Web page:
BOSTON (Reuters) - Hundreds of Red Sox fans jammed Boston’s streets on Monday to celebrate their team’s second World Series victory in four years, some hurling rocks at police in riot gear, smashing windows and lighting fires.
Police moved in on a crowd of up to 2,000 around Boston’s historic Fenway Park, where at least one sport utility vehicle was overturned just after midnight after the Red Sox beat the Colorado Rockies 4-3 on Sunday in Denver in a four-game sweep.
Some fans climbed trees or streetlamps, shouting at police as celebrations briefly turned violent. A Boston police spokeswoman said 37 arrests were made. At least one person was treated for a head wound, local WBZ TV said.
Rioting fans smashed automobile windshields, trampled on cars, hurled bottles at police and lit small fires but these were extinguished by emergency authorities, local TV showed.
The crowds were smaller and more orderly than in 2004, when Boston ended an 86-year championship drought and exorcised what generations of fans had called a “curse.”
Boston police wanted to avoid a repeat of a Fenway riot on October 21, 2004, when police fired pepper pellets into crowds, killing a student, after Boston rallied from behind to beat the Yankees in New York to advance into the World Series.
Sunday’s win over Colorado was hailed as a new era for the Red Sox, which had been dismissed as baseball’s perennial also-rans before their 2004 World Series victory.
“It’s unbelievable, incredible and amazing,” said Jenny Lyden, 33, a teacher from Wellesley, Massachusetts. “There are people out there who might not be able to appreciate all the pain that we went through before 2004,” she added.
Office water-cooler talk focused on the Red Sox becoming the new Yankees, baseball’s greatest dynasty and Boston’s top rival. Already, Boston’s $146 million payroll makes them Major League Baseball’s second-highest paid team after New York.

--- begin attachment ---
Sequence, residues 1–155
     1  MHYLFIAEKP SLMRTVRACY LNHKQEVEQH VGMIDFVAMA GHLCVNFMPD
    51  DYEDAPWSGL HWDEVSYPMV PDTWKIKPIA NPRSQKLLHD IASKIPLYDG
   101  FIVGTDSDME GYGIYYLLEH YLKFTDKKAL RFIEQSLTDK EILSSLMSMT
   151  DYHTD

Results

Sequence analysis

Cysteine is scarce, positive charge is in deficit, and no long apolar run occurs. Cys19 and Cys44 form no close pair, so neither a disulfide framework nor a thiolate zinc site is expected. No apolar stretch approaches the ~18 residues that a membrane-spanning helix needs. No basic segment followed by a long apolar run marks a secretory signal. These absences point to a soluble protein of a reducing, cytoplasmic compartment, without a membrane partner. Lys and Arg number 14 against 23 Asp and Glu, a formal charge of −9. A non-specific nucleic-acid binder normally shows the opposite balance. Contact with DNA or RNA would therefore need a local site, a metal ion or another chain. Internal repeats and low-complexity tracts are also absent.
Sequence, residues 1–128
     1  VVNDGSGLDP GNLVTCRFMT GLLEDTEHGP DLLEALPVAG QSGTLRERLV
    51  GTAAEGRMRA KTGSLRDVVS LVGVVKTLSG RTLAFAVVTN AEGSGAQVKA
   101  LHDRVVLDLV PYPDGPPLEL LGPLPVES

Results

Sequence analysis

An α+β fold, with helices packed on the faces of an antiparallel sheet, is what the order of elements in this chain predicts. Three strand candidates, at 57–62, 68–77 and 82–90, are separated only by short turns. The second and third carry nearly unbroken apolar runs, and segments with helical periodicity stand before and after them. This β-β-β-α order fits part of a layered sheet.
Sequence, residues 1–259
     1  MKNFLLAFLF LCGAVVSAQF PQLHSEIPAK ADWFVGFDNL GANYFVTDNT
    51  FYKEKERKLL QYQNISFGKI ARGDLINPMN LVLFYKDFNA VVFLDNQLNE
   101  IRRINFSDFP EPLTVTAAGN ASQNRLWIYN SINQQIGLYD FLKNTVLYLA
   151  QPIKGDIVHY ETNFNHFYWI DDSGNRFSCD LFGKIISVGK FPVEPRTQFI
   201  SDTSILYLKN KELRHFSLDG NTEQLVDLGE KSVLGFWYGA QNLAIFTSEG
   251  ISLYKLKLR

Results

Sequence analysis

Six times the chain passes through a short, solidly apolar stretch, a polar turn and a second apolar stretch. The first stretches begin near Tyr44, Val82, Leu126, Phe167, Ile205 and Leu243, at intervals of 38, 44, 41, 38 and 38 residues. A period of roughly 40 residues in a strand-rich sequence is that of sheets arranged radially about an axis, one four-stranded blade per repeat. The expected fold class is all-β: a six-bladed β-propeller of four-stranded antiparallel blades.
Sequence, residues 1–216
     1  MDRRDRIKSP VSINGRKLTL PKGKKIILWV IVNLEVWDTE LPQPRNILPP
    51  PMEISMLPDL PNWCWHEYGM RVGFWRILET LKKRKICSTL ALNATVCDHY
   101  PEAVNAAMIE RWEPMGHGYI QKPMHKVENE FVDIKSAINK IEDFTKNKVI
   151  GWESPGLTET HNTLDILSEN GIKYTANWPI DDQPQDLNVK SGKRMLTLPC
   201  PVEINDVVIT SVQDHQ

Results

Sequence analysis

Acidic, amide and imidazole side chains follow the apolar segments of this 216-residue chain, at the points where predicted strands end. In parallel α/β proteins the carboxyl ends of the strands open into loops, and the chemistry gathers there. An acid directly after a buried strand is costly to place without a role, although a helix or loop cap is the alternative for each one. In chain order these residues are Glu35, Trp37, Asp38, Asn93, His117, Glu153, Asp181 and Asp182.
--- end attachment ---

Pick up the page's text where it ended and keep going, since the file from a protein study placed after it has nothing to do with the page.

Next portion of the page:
“These Red Sox are the Yankees of a new generation,” wrote sports columnist Hal Bodley of USA Today, the nation’s largest circulation newspaper.
“The Red Sox are poised to become baseball’s next dynasty. The way the Red Sox handled the Rockies reminds me of the Joe Torre-managed New York Yankees in the late 1990s,” he wrote.
“Red Sox Nation,” an ardent base of traveling supporters, has swelled since 2004 and sometimes outnumbers home team fans at Boston road games. Not even the Yankees played in front of bigger crowds on the road in the 2007 regular season.
Hundreds gathered again at Fenway in the afternoon as the Red Sox returned from Denver. Fans snapped up T-shirts, caps, stuffed versions of the team’s “Green Monster” mascot, anything to serve as a souvenir. A parade will be held Tuesday.
“It’s better this year. It’s going to get better every year,” said Boston fan Jamie Lashway of Amherst, Massachusetts. “The Red Sox are on a tear,” added Steve Graves of Belchertown, Massachusetts.
“A new era dawns for the Red Sox,” declared The Boston Globe on its Web site. “This time the wait was only 3 percent as long as the last one. We didn’t have to raid nursing homes to find people who actually saw the Red Sox win their last World Series,” wrote Boston Globe columnist Bob Ryan.
Additional reporting by Av Harris